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1 root 1.14 =head1 LIBECB - e-C-Builtins
2 root 1.3
3 root 1.14 =head2 ABOUT LIBECB
4    
5     Libecb is currently a simple header file that doesn't require any
6     configuration to use or include in your project.
7    
8 sf-exg 1.16 It's part of the e-suite of libraries, other members of which include
9 root 1.14 libev and libeio.
10    
11     Its homepage can be found here:
12    
13     http://software.schmorp.de/pkg/libecb
14    
15     It mainly provides a number of wrappers around GCC built-ins, together
16     with replacement functions for other compilers. In addition to this,
17 sf-exg 1.16 it provides a number of other lowlevel C utilities, such as endianness
18 root 1.14 detection, byte swapping or bit rotations.
19    
20 root 1.24 Or in other words, things that should be built into any standard C system,
21     but aren't, implemented as efficient as possible with GCC, and still
22     correct with other compilers.
23 root 1.17
24 root 1.14 More might come.
25 root 1.3
26     =head2 ABOUT THE HEADER
27    
28 root 1.14 At the moment, all you have to do is copy F<ecb.h> somewhere where your
29     compiler can find it and include it:
30    
31     #include <ecb.h>
32    
33     The header should work fine for both C and C++ compilation, and gives you
34     all of F<inttypes.h> in addition to the ECB symbols.
35    
36 sf-exg 1.16 There are currently no object files to link to - future versions might
37 root 1.14 come with an (optional) object code library to link against, to reduce
38     code size or gain access to additional features.
39    
40     It also currently includes everything from F<inttypes.h>.
41    
42     =head2 ABOUT THIS MANUAL / CONVENTIONS
43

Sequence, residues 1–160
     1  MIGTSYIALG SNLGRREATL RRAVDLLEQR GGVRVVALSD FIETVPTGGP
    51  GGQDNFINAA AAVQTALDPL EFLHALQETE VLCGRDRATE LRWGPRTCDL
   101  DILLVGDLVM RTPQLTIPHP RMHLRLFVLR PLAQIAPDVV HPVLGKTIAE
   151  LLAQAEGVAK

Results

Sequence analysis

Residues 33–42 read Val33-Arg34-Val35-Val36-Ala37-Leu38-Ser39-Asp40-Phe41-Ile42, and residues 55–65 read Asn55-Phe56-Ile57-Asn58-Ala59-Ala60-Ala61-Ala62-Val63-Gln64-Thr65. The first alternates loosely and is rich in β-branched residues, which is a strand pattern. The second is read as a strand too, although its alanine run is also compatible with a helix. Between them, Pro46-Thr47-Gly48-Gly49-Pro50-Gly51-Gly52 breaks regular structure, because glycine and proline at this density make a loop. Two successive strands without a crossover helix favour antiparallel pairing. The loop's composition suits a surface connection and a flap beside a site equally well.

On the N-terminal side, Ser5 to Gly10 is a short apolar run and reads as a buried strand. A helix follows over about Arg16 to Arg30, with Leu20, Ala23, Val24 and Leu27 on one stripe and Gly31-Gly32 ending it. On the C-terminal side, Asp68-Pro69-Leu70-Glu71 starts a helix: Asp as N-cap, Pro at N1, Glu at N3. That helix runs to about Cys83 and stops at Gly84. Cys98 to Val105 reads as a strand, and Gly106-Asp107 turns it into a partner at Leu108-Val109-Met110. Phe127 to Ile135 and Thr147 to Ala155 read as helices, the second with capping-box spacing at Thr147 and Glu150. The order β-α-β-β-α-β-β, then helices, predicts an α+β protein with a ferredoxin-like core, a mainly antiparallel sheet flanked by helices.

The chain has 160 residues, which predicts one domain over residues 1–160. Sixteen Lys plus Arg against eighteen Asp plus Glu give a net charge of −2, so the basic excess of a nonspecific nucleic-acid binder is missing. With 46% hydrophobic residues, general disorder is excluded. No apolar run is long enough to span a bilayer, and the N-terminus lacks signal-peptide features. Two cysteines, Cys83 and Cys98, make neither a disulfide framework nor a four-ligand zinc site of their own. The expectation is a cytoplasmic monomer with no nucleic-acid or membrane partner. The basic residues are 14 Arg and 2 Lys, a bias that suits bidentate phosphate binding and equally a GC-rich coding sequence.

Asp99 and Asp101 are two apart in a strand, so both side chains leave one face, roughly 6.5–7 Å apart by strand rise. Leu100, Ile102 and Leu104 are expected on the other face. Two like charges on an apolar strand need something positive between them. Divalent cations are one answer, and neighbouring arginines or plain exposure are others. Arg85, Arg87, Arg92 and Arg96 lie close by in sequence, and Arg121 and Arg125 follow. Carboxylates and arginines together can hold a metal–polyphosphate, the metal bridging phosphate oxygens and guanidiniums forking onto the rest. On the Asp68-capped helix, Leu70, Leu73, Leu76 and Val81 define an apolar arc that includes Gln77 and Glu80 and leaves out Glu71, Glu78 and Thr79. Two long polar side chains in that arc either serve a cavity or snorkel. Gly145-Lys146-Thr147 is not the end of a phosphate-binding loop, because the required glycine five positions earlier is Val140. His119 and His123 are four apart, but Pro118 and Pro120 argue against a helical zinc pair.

44     This manual mainly describes each (public) function available after
45     including the F<ecb.h> header. The header might define other symbols than
46     these, but these are not part of the public API, and not supported in any
47     way.
48    
49     When the manual mentions a "function" then this could be defined either as
50     as inline function, a macro, or an external symbol.
51    
52     When functions use a concrete standard type, such as C<int> or
53     C<uint32_t>, then the corresponding function works only with that type. If
54     only a generic name is used (C<expr>, C<cond>, C<value> and so on), then
55     the corresponding function relies on C to implement the correct types, and
56     is usually implemented as a macro. Specifically, a "bool" in this manual
57     refers to any kind of boolean value, not a specific type.
58 root 1.1
59     =head2 GCC ATTRIBUTES
60    
61 root 1.20 A major part of libecb deals with GCC attributes. These are additional
62 sf-exg 1.26 attributes that you can assign to functions, variables and sometimes even
63 root 1.20 types - much like C<const> or C<volatile> in C.
64    
65     While GCC allows declarations to show up in many surprising places,
66 sf-exg 1.26 but not in many expected places, the safest way is to put attribute
67 root 1.20 declarations before the whole declaration:
68    
69     ecb_const int mysqrt (int a);
70     ecb_unused int i;
71    
72     For variables, it is often nicer to put the attribute after the name, and
73     avoid multiple declarations using commas:
74    
75     int i ecb_unused;